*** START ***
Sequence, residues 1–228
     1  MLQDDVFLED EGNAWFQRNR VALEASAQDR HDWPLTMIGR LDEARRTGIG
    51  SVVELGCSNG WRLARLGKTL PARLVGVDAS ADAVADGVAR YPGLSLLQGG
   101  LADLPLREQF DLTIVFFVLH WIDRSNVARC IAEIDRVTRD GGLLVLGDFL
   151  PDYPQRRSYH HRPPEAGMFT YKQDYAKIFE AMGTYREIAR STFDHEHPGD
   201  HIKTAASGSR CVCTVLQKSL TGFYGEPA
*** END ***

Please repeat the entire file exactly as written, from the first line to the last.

Sequence, residues 1–228
     1  MLQDDVFLED EGNAWFQRNR VALEASAQDR HDWPLTMIGR LDEARRTGIG
    51  SVVELGCSNG WRLARLGKTL PARLVGVDAS ADAVADGVAR YPGLSLLQGG
   101  LADLPLREQF DLTIVFFVLH WIDRSNVARC IAEIDRVTRD GGLLVLGDFL
   151  PDYPQRRSYH HRPPEAGMFT YKQDYAKIFE AMGTYREIAR STFDHEHPGD
   201  HIKTAASGSR CVCTVLQKSL TGFYGEPA